Redox Mediators and Electrolytes for High-Performance Li-O₂ Batteries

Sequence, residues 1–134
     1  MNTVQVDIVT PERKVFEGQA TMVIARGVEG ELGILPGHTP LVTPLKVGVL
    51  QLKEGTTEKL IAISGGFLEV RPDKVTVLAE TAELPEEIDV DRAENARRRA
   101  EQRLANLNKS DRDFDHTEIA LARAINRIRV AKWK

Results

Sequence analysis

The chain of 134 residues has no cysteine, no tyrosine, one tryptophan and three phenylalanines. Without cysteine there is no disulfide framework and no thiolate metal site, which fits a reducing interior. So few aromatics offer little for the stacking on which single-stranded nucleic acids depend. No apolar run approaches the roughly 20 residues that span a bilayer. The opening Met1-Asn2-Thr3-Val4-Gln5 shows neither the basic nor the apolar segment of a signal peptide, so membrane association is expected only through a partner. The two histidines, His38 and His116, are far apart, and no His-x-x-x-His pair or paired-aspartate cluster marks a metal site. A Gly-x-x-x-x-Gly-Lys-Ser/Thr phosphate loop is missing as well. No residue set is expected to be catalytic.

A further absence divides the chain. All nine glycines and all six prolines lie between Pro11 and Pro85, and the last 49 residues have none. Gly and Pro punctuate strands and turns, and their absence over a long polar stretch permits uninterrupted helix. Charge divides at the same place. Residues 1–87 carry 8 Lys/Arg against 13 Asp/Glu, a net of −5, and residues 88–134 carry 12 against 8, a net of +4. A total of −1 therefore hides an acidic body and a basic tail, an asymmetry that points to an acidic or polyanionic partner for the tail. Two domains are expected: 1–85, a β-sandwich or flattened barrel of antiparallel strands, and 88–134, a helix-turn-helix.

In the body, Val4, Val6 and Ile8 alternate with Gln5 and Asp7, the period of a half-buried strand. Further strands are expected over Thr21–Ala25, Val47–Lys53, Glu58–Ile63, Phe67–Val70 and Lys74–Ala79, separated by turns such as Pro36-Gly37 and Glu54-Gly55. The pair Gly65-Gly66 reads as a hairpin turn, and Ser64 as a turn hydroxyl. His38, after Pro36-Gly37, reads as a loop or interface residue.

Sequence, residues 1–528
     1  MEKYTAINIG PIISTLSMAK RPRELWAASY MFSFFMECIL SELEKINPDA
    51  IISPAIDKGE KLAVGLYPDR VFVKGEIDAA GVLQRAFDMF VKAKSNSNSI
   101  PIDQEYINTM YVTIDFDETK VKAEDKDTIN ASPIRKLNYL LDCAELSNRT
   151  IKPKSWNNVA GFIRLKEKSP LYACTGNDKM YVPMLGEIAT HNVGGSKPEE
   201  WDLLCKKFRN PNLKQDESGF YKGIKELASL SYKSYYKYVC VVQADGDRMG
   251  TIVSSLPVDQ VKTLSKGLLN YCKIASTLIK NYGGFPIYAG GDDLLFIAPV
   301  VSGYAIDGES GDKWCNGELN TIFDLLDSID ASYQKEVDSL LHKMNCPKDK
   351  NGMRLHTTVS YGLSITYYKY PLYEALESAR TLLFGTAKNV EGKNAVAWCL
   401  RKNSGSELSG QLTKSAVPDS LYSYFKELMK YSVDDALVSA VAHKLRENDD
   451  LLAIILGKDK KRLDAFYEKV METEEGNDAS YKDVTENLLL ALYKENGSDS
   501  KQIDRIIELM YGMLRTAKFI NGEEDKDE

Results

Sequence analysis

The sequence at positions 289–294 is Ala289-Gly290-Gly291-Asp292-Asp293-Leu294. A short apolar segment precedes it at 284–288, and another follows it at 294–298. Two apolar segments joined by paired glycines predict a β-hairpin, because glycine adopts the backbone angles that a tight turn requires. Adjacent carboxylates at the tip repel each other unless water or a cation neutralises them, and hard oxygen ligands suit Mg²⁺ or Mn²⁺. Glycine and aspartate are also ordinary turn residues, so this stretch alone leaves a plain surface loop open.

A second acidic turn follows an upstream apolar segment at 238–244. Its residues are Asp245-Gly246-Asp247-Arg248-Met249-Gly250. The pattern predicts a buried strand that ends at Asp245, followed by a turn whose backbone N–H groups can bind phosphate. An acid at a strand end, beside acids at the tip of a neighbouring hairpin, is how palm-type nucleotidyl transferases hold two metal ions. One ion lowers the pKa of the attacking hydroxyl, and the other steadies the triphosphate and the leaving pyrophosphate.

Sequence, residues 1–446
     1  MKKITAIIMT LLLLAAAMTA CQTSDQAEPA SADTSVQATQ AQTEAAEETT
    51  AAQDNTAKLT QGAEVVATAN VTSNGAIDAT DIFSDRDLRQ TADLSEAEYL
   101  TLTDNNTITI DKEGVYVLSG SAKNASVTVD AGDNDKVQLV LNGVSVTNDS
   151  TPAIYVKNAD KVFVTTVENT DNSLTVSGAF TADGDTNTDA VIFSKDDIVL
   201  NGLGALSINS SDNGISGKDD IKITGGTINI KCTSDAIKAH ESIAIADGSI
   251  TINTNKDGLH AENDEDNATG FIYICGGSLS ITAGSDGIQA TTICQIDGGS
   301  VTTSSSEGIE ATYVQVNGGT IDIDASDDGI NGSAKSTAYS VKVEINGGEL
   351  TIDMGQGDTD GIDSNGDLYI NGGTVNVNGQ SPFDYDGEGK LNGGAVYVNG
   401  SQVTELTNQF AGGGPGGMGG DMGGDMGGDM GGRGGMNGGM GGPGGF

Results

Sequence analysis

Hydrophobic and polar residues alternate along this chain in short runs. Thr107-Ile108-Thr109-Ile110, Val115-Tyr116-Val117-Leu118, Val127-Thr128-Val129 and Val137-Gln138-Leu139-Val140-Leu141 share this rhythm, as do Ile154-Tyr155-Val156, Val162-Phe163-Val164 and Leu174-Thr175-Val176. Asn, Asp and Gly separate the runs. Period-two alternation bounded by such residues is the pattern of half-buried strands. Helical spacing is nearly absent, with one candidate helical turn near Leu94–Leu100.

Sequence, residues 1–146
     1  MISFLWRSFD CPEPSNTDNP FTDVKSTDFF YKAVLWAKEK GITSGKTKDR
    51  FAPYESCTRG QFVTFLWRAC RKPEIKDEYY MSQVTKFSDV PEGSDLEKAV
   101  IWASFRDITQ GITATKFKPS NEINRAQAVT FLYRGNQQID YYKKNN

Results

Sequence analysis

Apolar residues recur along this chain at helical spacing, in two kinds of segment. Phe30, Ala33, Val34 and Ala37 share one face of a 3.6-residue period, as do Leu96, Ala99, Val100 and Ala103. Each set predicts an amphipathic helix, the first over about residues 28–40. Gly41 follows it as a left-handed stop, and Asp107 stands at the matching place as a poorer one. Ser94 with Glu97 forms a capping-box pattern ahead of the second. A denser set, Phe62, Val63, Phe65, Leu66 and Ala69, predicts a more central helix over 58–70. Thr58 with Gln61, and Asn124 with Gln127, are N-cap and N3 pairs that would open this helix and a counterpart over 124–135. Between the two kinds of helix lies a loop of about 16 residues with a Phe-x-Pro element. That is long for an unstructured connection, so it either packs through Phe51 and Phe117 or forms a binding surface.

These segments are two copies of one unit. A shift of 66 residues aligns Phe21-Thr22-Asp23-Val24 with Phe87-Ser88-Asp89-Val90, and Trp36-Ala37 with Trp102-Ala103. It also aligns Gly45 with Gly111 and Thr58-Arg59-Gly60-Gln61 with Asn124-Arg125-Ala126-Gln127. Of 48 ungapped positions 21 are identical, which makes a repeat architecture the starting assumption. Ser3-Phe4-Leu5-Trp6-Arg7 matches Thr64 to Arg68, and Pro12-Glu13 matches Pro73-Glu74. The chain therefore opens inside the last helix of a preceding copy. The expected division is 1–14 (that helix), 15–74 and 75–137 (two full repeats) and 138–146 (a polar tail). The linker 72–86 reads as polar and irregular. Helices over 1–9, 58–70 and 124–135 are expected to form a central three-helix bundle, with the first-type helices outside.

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The predicted theoretical energy density of a Li-O₂ battery is close to that of gasoline, which makes it one of the most promising forms of energy storage. To allow Li-O₂ batteries to achieve their full potential, multiple issues need to be overcome. One issue is the large charge and discharge overpotentials caused by sluggish kinetics of the reactions within the battery and the solid, insulating nature of the discharge product Li₂O₂. Applying soluble electrocatalysts (redox mediators or RMs) that aid the formation and decomposition of the Li₂O₂ can help to reduce the overpotentials. Other challenges associated with the Li-O₂ battery include instability, leakages, flammability and volatility of commonly used aprotic electrolytes. In this thesis, two series of compounds are investigated as solutions to these issues: (2,2,6,6-tetramethylpiperidin-1-yl)oxyl (TEMPO) substituted imidazolium ionic liquids (TEMPOImILs) with different lengths of alkyl linkage between the TEMPO and imidazole moieties and with either H or CH₃ on the 2-position of the imidazole ring, and phenyl nitronyl nitroxides (RPTIOs) with varied substituents on the benzene ring. The compounds were characterized using NMR and FTIR together with elemental analysis, TGA, DSC and EIS for TEMPOImILs. Redox processes were studied using cyclic voltammetry and, for RPTIOs, UV-visible spectroelectrochemistry. The effect of the RMs on the battery performance was tested by assembling and cycling Li-O₂ batteries. For RPTIOs, cathodes were analysed after cycling of the batteries using SEM and XRD, and battery tests in argon were conducted to determine if there was a contribution to the capacity from redox shuttling of the RM. It was found that TEMPOImILs can serve both as charging RMs and safer electrolyte solvents for Li-O₂ batteries, while RPTIOs not only catalyse the charge process but also provide some improvement of the discharge performance. The length of alkyl chain in TEMPOImILs did not have any noticeable effect on the battery performance, whereas TEMPOImILs with 1-methylimidazolium cations provided substantially longer cycle life than those with 1,2-dimethylimidazolium cations. The charge potentials of the batteries with RPTIOs with the electron-donating groups were the lowest, showing that altering the structures of nitronyl-nitroxide-based RMs can directly affect battery performance. Overall, the use of the RMs in combination with other measures discussed in the thesis can lead to high-performance Li-O₂ batteries.
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